random field models. Unfortunately, owing to the strong correlations present in
the neighbourhood covariate matrix, parameter estimation is complicated by the
dichotomy between ill-conditionedness and rotation invariance. Exploiting the
Fused Lasso framework, we proposed a compromise which incorporates two
regularisers. The 1-norm induces stability and performs variable selection
amongst strongly correlated radial samples; the total variation seminorm
encourages clustering and promotes model parsimony. Experiments on standard datasets
confirmed the potential utility and parallels were drawn within the texture
classification literature and beyond.
regularisation for piecewise, minimal codomain cardinality, Riesz basis
Piecewise, low-order polynomial, Riesz
basis families were constructed such that they share the same coefficient
functionals of smoother, orthonormal bases in a localised indexing subset. It
was shown that a minimal cardinality basis codomain can be realised by inducing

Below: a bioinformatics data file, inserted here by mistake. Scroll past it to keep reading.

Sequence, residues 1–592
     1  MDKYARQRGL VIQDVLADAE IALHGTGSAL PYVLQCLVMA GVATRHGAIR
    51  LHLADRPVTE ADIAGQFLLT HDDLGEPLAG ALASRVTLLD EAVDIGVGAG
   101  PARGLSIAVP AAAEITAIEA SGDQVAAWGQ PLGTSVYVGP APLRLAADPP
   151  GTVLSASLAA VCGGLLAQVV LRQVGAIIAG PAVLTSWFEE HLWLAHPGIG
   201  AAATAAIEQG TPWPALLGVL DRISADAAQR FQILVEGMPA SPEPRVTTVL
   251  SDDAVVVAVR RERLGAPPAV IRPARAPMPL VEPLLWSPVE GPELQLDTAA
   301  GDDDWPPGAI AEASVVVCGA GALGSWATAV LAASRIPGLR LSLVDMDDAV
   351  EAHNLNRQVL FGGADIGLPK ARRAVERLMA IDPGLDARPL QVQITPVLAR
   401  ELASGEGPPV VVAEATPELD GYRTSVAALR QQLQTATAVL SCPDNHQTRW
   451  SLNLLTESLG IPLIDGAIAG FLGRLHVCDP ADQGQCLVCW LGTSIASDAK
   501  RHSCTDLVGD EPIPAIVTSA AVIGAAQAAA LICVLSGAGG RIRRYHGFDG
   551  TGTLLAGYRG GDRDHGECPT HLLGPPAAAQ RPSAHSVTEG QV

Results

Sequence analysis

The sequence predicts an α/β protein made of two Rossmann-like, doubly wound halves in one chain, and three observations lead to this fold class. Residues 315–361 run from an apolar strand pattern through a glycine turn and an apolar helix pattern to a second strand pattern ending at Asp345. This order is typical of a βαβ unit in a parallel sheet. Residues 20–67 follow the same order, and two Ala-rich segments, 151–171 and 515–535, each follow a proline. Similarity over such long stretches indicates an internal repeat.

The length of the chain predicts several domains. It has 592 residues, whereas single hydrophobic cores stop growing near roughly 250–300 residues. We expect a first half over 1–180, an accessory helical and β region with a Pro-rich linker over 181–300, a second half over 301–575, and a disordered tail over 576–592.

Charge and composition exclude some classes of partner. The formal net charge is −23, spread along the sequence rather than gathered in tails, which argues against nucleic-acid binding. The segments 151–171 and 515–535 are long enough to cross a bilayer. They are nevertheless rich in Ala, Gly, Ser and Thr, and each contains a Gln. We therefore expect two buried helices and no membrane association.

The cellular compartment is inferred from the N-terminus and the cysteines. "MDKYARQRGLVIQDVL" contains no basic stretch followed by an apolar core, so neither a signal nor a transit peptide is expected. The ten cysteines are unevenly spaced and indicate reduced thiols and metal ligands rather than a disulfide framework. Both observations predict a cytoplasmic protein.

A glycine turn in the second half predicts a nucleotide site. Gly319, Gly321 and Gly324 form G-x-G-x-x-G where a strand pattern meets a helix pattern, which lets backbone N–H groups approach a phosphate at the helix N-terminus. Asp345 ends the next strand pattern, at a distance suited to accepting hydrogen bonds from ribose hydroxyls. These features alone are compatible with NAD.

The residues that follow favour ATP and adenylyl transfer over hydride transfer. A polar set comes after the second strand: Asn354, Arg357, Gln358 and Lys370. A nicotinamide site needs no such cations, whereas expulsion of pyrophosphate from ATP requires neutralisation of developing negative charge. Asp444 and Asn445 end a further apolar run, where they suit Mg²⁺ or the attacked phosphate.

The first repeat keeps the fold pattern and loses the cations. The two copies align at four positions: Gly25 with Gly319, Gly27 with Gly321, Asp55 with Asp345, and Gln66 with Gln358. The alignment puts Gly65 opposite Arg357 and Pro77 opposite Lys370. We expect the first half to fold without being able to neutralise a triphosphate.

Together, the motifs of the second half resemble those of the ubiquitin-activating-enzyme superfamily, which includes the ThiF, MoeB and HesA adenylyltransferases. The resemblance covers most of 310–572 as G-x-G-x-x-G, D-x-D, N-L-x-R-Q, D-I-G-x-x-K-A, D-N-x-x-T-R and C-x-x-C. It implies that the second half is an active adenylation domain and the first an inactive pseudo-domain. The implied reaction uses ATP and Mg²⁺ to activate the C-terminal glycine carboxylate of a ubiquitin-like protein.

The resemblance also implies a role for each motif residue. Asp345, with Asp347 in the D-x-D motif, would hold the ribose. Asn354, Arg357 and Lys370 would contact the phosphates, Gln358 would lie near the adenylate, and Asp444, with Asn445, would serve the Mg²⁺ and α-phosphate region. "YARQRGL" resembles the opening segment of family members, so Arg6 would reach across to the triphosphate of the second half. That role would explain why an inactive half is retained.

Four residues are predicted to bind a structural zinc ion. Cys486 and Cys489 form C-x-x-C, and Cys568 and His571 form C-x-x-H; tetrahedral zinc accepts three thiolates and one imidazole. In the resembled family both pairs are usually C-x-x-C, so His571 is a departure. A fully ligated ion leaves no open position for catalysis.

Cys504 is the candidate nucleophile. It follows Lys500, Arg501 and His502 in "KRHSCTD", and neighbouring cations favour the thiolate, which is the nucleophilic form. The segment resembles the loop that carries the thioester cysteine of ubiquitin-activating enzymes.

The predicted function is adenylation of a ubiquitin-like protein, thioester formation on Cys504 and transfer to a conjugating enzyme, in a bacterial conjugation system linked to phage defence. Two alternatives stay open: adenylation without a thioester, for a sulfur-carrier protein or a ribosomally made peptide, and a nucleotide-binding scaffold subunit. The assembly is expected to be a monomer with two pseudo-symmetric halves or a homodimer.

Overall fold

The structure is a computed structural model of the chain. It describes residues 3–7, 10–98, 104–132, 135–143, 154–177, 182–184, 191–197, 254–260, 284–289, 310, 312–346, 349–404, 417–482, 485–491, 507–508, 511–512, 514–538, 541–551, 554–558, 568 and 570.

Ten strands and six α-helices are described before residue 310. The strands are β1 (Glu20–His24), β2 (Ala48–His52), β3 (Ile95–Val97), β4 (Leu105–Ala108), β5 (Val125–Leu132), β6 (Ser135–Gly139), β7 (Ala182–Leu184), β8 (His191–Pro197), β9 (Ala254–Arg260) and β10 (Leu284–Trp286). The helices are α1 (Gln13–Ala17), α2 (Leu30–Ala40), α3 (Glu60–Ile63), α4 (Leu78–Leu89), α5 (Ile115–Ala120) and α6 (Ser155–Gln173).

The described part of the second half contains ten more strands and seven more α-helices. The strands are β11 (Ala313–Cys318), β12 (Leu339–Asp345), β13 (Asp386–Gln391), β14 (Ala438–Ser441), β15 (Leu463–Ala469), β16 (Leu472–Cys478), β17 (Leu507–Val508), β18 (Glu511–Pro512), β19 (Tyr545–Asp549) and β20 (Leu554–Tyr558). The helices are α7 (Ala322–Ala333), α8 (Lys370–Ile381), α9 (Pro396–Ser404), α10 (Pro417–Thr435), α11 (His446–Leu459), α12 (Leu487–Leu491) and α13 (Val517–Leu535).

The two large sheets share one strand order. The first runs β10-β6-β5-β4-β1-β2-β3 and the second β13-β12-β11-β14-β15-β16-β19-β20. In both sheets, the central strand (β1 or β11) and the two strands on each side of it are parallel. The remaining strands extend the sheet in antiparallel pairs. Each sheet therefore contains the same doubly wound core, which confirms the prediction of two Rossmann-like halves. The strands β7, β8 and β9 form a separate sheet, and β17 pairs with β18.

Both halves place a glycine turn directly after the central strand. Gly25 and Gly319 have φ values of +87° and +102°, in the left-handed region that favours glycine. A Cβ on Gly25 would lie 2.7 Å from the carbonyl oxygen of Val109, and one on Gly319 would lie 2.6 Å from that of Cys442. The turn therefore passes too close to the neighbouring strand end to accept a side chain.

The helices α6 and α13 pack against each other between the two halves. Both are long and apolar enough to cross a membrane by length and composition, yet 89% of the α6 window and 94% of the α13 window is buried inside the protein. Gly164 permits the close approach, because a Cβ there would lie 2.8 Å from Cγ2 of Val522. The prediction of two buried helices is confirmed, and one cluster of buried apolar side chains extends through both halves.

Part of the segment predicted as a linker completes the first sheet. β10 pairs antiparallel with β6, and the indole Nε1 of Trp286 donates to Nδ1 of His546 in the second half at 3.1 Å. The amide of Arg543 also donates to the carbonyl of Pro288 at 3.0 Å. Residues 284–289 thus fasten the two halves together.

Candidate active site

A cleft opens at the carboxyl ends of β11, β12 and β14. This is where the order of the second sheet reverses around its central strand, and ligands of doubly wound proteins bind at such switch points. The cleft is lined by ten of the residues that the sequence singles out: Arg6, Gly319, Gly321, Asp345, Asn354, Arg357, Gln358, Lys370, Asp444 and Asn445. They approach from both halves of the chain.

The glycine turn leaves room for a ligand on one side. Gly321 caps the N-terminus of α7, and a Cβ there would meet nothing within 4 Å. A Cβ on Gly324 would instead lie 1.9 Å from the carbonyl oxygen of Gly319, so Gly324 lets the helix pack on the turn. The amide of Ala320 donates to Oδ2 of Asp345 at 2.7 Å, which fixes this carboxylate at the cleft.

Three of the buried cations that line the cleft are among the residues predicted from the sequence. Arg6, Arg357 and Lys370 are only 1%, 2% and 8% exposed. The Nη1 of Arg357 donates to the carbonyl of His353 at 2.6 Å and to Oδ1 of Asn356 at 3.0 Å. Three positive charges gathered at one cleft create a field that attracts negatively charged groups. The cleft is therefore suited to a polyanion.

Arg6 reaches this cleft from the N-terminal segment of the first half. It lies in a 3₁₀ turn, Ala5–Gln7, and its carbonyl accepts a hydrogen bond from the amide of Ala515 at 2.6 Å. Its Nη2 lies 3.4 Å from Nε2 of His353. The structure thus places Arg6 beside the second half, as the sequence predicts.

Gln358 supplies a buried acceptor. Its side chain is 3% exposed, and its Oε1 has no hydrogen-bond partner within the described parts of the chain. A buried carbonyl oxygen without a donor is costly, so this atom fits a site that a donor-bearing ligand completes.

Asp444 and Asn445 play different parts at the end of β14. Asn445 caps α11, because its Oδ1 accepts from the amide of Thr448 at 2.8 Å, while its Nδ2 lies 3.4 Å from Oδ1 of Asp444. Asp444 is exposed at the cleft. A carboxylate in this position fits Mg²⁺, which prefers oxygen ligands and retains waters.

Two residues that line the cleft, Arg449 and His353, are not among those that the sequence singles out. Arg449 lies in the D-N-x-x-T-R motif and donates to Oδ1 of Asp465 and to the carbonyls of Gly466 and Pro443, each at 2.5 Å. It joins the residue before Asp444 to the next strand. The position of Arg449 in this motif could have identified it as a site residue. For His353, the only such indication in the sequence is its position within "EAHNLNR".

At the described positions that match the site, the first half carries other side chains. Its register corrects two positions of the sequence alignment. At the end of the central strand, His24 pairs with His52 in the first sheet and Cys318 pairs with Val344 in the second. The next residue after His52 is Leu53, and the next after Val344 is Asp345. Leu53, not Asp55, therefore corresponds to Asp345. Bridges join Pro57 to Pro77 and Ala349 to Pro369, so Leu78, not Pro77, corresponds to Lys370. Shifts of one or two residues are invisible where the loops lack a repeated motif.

sparsity, via 1-norm regularisation, in the distributional derivatives of the
basis functions and that the optimal construction can be found numerically by
constrained binary optmisation over a suitably large dictionary. Furthermore,
it was shown that a subset of these solutions are equivalent to a specific,
constrained analytical solution based on Sylvester-type Hadamard matrices. It
is anticipated that these constructions are well suited for approximate signal
processing and sparse representations. This work is currently under review in the
journal: Applied Computational Harmonic Analysis (impact factor 3.5).
Markov random fields for mammogram imagery analysis (07/2012-present)
From July 2012, we have been developing a much needed multiresolution Bayesian approach to the problem of detecting radial patterns of spicules, an early sign of breast cancer in mammograms. This project involves collaboration with the Division of Medicine at UCL and UCL Hospital. We are investigating the construction of multiscale, directional regularity and phase congruence features, constrained by Markov-type priors. The proposed Bayesian wavelet shrinkage approach will be a significant departure from previous attempts and is designed to overcome the main shortcomings of heuristic thresholding (erroneous discontinuities and limited solution search space) found in present state-of-the-art spicule detection and orientation estimation methods.
Please see James Nelson's personal UCL pages and Google Scholar